The Ladykillers, coming to this cinema SOON. COMING to this cinema soon. Coming to THIS cinema soon. Coming TO…

Peter Sellers’ big break came in 1955, when he was cast to appear alongside Alec Guinness in an Ealing Studios film called The Ladykillers. The film’s Director, Alexander Mackendrick, and Associate Producer, Seth Holt, were both avid fans of BBC Radio’s Goon Show, in which Sellers had been starring since 1951, and this is how he came to be given the role of Harry Robinson, a thuggish Teddy Boy. Sellers was also the voice of various parrots that appear in the film while animal impersonator, Percy Edwards, was paid £25 for providing the additional parrot noises!

The story for The Ladykillers had apparently come to William Rose in a dream and Mackendrick happened to hear him describing it in the pub one evening. Although Rose had vowed never to have any further dealings with Mackendrick after they had worked together on The Maggie, the Director eventually managed to persuade Rose to write the script.

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The plot concerns a gang of criminals who rent rooms in the house of a sweet little old lady called Mrs Wilberforce. They tell her that they are an amateur string quartet and need somewhere to meet and practise but in reality, they are plotting to rob a security van at King’s Cross Station. When “Mrs W” discovers what they have really been up to, she tells the gang she is going to report them to the police and so they decide they are going to have to kill her. In the process of crossing and double-crossing each other, all the criminals wind up dead and Mrs W ends up with the proceeds of the heist.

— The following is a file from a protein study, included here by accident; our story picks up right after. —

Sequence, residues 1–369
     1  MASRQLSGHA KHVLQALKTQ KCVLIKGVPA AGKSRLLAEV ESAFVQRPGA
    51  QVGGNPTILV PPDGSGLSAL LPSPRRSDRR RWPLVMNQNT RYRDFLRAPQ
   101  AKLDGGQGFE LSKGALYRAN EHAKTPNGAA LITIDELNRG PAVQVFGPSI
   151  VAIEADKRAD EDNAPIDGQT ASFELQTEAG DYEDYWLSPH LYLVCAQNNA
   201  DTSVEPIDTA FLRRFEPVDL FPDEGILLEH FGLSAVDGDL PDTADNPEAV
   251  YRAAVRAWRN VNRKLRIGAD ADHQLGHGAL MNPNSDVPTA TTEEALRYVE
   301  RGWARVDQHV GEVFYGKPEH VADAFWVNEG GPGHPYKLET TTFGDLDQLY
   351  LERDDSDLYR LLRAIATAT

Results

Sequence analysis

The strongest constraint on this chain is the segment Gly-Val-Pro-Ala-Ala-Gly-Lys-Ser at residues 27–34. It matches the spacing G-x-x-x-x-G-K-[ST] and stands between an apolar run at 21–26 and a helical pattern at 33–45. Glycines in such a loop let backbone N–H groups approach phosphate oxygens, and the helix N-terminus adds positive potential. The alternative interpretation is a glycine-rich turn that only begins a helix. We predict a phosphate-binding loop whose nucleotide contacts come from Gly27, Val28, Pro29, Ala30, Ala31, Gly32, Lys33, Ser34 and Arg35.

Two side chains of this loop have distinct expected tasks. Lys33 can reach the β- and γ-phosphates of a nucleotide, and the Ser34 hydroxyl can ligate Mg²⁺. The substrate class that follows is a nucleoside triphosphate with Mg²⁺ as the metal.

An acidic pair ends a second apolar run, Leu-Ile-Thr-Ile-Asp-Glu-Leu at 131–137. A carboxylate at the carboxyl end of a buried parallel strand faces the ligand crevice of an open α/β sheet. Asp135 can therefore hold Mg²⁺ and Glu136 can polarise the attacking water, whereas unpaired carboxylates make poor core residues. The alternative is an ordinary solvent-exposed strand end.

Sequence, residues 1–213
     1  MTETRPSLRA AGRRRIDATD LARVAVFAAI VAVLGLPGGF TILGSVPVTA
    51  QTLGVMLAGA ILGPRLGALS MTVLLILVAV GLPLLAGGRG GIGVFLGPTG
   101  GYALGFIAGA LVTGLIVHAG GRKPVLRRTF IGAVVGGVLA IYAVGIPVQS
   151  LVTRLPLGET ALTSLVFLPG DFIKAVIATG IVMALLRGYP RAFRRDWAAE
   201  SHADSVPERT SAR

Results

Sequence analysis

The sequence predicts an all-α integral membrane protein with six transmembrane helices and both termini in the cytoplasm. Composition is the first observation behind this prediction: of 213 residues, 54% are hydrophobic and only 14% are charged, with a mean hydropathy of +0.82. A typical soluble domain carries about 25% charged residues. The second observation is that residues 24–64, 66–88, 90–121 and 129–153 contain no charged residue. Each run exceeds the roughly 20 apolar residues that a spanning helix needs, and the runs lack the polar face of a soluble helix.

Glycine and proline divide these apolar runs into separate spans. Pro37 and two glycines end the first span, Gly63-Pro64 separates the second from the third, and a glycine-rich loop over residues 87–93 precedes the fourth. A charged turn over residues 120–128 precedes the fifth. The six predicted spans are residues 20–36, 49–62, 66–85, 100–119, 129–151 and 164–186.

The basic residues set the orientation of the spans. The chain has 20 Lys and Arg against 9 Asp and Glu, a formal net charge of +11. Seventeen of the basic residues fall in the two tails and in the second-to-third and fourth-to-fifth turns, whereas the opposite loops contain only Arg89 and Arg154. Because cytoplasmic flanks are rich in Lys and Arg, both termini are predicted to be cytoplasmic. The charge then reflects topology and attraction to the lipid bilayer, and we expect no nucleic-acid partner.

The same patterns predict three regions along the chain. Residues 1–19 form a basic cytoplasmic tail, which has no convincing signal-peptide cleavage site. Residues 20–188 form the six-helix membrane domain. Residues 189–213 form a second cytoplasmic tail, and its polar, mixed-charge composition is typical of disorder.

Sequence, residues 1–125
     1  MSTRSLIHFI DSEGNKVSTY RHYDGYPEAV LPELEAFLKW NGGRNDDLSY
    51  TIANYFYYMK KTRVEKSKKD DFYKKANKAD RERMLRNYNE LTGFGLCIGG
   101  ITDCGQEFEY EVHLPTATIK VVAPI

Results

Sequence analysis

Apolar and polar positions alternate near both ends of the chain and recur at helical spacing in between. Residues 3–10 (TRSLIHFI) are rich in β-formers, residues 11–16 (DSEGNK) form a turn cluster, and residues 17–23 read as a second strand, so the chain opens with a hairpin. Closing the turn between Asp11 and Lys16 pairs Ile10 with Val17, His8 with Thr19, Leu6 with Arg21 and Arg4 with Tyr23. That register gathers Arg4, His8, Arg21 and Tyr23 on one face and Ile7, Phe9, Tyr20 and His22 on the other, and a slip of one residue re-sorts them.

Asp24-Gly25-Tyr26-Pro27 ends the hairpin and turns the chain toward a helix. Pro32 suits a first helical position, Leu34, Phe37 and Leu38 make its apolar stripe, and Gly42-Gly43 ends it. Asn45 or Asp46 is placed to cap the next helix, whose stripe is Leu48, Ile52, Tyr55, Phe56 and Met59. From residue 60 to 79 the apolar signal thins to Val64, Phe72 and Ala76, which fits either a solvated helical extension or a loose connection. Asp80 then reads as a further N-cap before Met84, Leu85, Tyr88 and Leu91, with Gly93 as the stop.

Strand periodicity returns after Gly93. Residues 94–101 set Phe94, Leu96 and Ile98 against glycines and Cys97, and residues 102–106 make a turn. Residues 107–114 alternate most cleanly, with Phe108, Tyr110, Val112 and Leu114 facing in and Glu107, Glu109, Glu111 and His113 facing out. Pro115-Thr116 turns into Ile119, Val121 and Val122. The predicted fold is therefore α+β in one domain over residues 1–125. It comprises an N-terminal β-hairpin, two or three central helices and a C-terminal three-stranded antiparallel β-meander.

Before the first draft of the script had been completed, Rose and Holt had an argument which led to Rose storming off the picture and swearing never to return. Mackendrick and Holt managed to complete the script using Rose’s notes but they wanted a few funny one-liners to include throughout the film and so they brought in Sellers’ friend and Goon Show scriptwriter, Larry Stephens, to write some. Although Stephens wasn’t named in the credits, Mackendrick told Philip Kemp all about his contribution when Kemp interviewed him for his book, ‘Lethal Innocence – The Cinema of Alexander Mackendrick‘.

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This wasn’t Larry Stephens’ only Ladykillers contribution though. At the wrap party, Sellers handed out very special gifts to members of the cast and crew. Based on a script Stephens had written for him, Sellers had made recordings of his own version of the film trailer and had voiced all the different characters himself. This recording still survives:

Glarnies, Green Berets & Goons: The Life and Legacy of Larry Stephens
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A Commando Christmas

In December 1944, 3 Commando Brigade was based in Teknaf and everyone’s thoughts had begun to focus on a long-awaited Christmas. 300 ducks had been delivered to the Brigade at the end of November and they were being nurtured and fattened in a wire-fenced enclosure, upon which hung a sign reading, “No sniping: this is your Christmas dinner!” There was an anxious moment two weeks before Christmas when Air Dispatchers in Dakota aircraft, which dropped the South East Asia Command (SEAC) newspapers into the camp, tried to ‘bomb’ the ducks but thankfully, they missed!

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Photograph courtesy of Stephen Donnison